In Our Place

Our focus for today is the fact that Jesus Christ stands in our place.  This is brought home to us in both the reading from Genesis and from Mark (Genesis 22:1-18, Mark 1:9-15).

In Genesis, Abraham is tested by God.  God tells Abraham to take his only-begotten son Isaac and sacrifice him on Mount Moriah.  This is the location where, much later, Solomon built the temple.  Note the difference between the “testing” in Genesis and the “tempting” of Jesus in Mark’s Gospel.  God “tests” Abraham, but Satan “tempts” Jesus; as St. James notes, God doesn’t tempt us (James 1:12-18).

Now, Isaac was actually not the only son of Abraham, but he was the son of the promise.  Long before, God had promised Abraham and Sarah that they would have a son and that the promise of salvation, the Christ, first given to Adam and Eve would continue through this son.

Yet, Abraham and Sarah became impatient with God’s promises.  They were getting older and older and yet still did not have any children.  So, they sought to “help out” God by taking matters into their own hands.  Sarah told Abraham to have a child with her servant Hagar, which he did, and Hagar gave birth to Ishmael.  Yet, Ishmael wasn’t the son of the promise; he was the result of human effort and human will, not the result of God’s will and effort.  Human works could not achieve what God has promised, only God’s grace could do that.

So, finally, after a very long time, God gave Abraham and Sarah the son of the promise.  Sarah gave birth to Isaac in her old age, and God reconfirmed His promise that through Isaac the promise of salvation, of the coming Christ, would continue.

And yet it is this very same Isaac, the long-promised heir of Abraham, that God tells Abraham to kill on the mountain.  And Abraham intends to do it, even though it would seemingly put an end to God’s promise of the coming Christ.  The writer of the epistle to the Hebrews talks about Abraham’s faith in God.  He says:

“By faith Abraham, when he was tested, offered up Isaac, and he who had received the promises was in the act of offering up his only son, of whom it was said, “Through Isaac shall your offspring be named.”  He considered that God was able even to raise him from the dead, from which, figuratively speaking, he did receive him back” (Hebrews 11:17-19).

The point is that Abraham believed that God could and would fulfill the promises that He had made to him and Isaac no matter what, and that death could not get in the way.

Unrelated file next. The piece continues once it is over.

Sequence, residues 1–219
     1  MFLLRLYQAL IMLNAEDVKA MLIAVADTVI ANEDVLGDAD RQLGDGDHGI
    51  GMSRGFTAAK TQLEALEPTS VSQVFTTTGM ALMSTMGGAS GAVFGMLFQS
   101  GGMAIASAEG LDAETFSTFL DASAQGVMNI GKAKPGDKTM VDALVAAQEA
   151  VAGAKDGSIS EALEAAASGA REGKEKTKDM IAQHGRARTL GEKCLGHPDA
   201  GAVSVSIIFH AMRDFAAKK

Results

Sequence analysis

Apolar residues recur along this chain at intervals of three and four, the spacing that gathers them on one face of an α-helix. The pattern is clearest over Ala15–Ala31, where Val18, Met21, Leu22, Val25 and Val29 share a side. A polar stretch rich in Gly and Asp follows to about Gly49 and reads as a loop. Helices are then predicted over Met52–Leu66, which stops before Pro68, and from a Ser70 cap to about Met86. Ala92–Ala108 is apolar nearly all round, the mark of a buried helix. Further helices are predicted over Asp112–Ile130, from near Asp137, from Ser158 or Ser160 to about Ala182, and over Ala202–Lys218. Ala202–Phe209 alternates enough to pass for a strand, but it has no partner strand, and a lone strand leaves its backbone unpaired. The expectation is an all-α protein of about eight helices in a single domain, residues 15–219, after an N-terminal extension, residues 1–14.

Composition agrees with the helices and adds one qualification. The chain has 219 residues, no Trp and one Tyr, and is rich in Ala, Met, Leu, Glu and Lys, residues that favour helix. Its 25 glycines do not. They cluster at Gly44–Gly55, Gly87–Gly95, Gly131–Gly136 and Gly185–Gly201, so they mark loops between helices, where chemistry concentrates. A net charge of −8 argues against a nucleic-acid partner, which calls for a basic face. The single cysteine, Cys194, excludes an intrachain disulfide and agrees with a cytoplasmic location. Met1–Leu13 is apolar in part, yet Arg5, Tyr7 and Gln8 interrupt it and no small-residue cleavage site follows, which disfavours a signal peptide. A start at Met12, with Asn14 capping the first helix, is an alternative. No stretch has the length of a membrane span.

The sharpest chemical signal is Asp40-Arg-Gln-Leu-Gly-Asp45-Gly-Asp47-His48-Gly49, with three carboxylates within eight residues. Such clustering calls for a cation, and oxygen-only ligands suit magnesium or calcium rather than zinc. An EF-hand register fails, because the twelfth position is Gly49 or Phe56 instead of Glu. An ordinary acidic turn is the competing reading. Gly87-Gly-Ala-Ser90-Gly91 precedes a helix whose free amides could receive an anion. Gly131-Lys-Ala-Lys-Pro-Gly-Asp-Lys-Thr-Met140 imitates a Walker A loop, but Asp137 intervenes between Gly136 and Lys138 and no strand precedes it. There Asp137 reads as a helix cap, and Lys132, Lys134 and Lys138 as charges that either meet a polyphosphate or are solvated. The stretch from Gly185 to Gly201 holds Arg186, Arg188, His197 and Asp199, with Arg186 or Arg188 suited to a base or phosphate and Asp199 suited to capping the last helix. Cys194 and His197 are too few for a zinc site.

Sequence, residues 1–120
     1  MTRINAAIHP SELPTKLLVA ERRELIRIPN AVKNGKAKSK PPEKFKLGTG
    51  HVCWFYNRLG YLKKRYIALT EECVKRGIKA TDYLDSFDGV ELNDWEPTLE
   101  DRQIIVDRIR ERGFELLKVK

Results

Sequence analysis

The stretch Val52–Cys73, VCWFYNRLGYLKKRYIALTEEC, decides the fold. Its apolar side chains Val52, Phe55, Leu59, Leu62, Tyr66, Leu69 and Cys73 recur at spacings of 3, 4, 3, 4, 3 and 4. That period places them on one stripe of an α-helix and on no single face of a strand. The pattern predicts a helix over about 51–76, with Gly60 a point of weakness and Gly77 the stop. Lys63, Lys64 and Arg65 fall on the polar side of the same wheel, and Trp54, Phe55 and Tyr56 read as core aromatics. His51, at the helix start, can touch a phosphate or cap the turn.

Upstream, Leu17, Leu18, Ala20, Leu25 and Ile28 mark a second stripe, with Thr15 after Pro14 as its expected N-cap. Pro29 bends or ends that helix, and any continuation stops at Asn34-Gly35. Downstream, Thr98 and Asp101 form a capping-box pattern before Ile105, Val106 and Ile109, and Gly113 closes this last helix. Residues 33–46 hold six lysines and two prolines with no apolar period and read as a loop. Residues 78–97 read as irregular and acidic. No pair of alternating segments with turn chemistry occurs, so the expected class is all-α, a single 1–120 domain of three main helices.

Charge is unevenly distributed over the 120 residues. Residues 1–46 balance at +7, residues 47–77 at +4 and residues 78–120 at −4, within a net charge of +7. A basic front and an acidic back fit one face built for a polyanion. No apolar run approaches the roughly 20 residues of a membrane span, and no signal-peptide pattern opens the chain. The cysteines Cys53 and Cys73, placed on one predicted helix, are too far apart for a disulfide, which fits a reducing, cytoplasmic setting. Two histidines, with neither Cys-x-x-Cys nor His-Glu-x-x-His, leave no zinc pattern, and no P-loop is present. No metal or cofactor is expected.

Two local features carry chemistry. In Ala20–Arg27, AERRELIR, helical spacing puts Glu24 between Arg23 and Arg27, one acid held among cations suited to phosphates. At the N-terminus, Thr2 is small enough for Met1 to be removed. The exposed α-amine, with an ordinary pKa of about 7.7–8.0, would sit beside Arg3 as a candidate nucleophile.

So, as Abraham is leading Isaac up to the mountain, Isaac notices that something’s odd.  They have the fire and the wood for the offering, but no lamb, so Isaac says something to his father about it.  I wonder if Isaac realized what was going on at this point?  Abraham replies, “God will provide for himself the lamb for a burnt offering, my son.”

It’s interesting to think about Abraham’s reply here.  Was it meant as just a comfort to Isaac to hide what Abraham was about to do?  Or, was it really a statement on faith on Abraham’s part that God would provide a lamb to take Isaac’s place?  Or, was it a prophetic statement on Abraham’s part, given him by God himself, perhaps with Abraham not fully realizing the full truth of what he was saying?  Or, maybe a bit of all three?

Indeed, God does provide the lamb.  As Abraham is about to sacrifice Isaac, his long-promised only-begotten son with Sarah, the “angel of the LORD” called out and told him to stop.  Throughout the Old Testament, “the angel of the LORD” is actually the Lord Himself who comes to visit his people; the pre-incarnate Christ.  He had visited Abraham previously to promise that Abraham would have his own son with Sarah.  He later wrestled with Jacob and visited Moses in the burning bush.  He would visit Joshua at Jericho to lead his people into victory in the promised land.  The “angel of the Lord” was with His people in the Old Testament, just as He is with us in the New, except we know him better now, because he’s revealed more of Himself to us, as our Lord who comes in the flesh and as the Christ who had been promised to us.